Tag Archives: social media

The power of consequential strangers

Social network marketing (a.k.a. “social media”) has a mystique that will soon fade. That is both inevitable and a good thing.

It’s an effective technique that will join other similarly important marketing tactics. But hey, it’s not a cure for cancer. In fact, it ain’t even a shortcut to success, fame or riches!

At its best, when combined with hard work and a sure hand, social network marketing can help you sell stuff and improve customer service. (And I would say social media does far better at the latter than the former).

So: It will soon become yesterday’s news. Before it does, let’s remember its humble origins — or become acquainted with them for the first time.

Relationship Revolution

Before the web as we know it today was invented, Stanford sociologist Mark Granovetter wrote an influential paper called The Strength of Weak Ties. The ties he described, between acquaintances (as opposed to trusted friends and family, who supply strong ties), are what social media is all about. But get this: Granovetter first described them back when Richard Nixon was still in office.

I was reminded of this when I read a quote from the more recent past, by Michael Schrage.

You see, 13 years ago, while writing in something called the Merrill Lynch Forum, Schrage used the phrase relationship revolution. It didn’t stick as a buzzword, but its meaning and power has only grown.

Schrage was asked in the Forum to analyze how new technologies would transform businesses. His response follows:

Along every conceivable dimension — from the intimate to the institutional — digital media force both individuals and organizations to redefine what kind of relationships create value. [Schrage continued, to paraphrase:] The result of this paradigm shift isn’t about data and information, it’s about the value and priority that people place on the quantity and quality of their relationships.

The emphasis above is mine. Schrage and others wrote about weak ties as the power of consequential strangers — those who provide new value to us in this digital age. The new value can be as simple as helping us find new musical artists we’ll like (as I did in the screen capture above, using Twitter), or something as important as choosing a good school or seeking a reprieve from physically or social isolation.

All of this sounds far more recent than the mid-1990s (or the Nixon Administration!). It’s worth noting. As we all happily experiment in this exciting new medium — and before its bloom of “newness” has faded — let’s take a moment to remember the work of Granovetter and Schrage, and the power of consequential strangers.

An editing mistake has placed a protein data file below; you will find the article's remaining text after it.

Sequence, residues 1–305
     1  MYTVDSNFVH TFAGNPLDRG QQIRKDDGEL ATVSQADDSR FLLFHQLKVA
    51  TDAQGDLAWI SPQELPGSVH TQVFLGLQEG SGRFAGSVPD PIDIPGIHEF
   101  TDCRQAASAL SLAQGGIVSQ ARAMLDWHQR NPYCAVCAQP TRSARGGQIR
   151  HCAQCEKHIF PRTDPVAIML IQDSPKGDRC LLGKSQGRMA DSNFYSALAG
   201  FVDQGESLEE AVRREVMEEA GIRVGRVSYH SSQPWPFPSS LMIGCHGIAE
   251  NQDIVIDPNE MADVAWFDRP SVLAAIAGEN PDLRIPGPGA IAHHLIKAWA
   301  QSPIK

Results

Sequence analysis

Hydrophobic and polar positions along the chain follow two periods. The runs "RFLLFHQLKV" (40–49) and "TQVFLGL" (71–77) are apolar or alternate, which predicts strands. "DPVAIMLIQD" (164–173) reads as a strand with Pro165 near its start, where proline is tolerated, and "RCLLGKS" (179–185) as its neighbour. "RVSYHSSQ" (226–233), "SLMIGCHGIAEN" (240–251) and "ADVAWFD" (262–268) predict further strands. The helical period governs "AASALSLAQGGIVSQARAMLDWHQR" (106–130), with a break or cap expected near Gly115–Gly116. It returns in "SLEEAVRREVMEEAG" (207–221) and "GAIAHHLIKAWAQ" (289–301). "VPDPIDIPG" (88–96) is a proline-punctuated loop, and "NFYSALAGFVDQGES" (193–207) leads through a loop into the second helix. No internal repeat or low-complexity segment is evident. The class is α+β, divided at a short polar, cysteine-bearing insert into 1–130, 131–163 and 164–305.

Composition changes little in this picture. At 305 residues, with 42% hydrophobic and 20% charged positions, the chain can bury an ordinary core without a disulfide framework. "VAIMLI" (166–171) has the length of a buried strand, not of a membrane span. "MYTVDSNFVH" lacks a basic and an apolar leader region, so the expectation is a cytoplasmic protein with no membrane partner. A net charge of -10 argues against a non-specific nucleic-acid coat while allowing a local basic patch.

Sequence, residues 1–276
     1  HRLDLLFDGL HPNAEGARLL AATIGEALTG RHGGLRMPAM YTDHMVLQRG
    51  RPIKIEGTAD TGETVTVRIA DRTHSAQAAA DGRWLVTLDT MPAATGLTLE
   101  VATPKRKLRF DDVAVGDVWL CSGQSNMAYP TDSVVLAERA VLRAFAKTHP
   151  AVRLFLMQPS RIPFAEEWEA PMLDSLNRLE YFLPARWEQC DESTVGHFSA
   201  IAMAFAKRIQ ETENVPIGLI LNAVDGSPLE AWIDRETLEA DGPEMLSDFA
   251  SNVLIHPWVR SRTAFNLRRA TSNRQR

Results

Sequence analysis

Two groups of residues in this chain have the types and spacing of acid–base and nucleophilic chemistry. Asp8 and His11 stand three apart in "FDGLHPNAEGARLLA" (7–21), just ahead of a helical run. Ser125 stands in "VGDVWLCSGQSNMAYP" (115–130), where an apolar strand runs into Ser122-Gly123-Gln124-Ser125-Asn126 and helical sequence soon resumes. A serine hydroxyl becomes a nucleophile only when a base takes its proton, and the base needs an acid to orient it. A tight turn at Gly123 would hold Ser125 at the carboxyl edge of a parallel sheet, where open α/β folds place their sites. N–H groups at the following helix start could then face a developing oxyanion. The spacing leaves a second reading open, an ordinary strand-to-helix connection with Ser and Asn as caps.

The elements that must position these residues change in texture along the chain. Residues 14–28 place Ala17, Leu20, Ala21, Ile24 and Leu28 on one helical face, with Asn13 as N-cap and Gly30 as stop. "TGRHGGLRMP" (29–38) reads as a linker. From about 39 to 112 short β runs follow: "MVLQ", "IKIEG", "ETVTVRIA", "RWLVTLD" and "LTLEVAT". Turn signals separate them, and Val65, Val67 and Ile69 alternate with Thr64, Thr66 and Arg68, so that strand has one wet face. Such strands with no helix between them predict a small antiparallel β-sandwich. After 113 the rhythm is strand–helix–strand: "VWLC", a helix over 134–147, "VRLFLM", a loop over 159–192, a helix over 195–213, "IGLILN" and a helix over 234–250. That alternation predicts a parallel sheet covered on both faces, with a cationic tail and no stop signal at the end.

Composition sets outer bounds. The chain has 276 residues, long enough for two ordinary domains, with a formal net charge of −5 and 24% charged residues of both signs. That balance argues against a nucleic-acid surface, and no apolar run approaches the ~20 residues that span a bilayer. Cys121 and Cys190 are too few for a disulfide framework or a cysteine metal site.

Twiducate concept is too good to stay in the classroom

Yesterday Naomi Harm give a keynote address at the Lake Geneva Schools Technology Academy, an educational event for elementary, middle school and high school teachers. Although I wasn’t at the event, word reached me about a social media-inspired educational platform called Twiducate. Similar to Yammer (“Twitter for intra-business communication”), Twiducate does not use the already overtaxed Twitter platform, but instead uses many of the principles that make Twitter so useful.

I took a test-drive of Twiducate last night, and two things struck me. The first revelation I had became the title for this post; The developers of Twiducate will be hard-pressed to stop work groups other than classrooms from using the tool. The other revelation is about education reform. Yes, reform won’t happen on its own. But certain facets of it will happen naturally, “seeping in” from the emerging social media zeitgeist. Avoiding new teaching environments like Twiducate will be like holding back a rising tide.

Here’s a video:

So: Will the subversion of this tool be harmful?

I think asking the question is moot. This type of thing will happen regardless. I’m thinking of at least two other examples of where a social network is forced to morph because of the unintended uses those pesky members decide to put it to.

  1. Fotolog.com started as a primarily photo-sharing site, similar to Flickr.com. But its meteoric growth in the last decade — especially in Chile, Argentina and Brazil — was due to users hopping on to connect and generally socialize. Sharing favorite pics became secondary.
  2. If the above sounds like dumb luck — like simply being in the right place with the right product (read: social toolset) — you’re right. And you’re also probably thinking of my second example. Although Mark Zuckerburg might posit that Facebook’s growth was all part of some master plan, we shouldn’t forget that he built it in his dorm, six years ago, as merely a “Harvard-thing” — primarily an easy way for him and others to organize study groups.

Check out Twitucate. Do you agree that it’s more than education’s new “Moodle-killer?” Does it have “legs” beyond academia, and is that a good thing?

Planning an event? Use online marketing as your hamburger helper

Once the event is over and the hall is cleaned up, the marketing and PR value of that event doesn’t have to fade. Chris Brogan wrote about how social media and internet marketing can act as hamburger helper for the event. It’s an apt metaphor for these two reasons:

  1. It’s inexpensive to use online marketing
  2. It stretches everything!

Chris’s post describes how online social network tools can improve event outcomes by helping with all five of its phases:

  • Awareness
  • Attention
  • Engagement
  • Execution
  • Extension

Are social media efforts the meat? No way. But they can be used throughout to maximize effectiveness.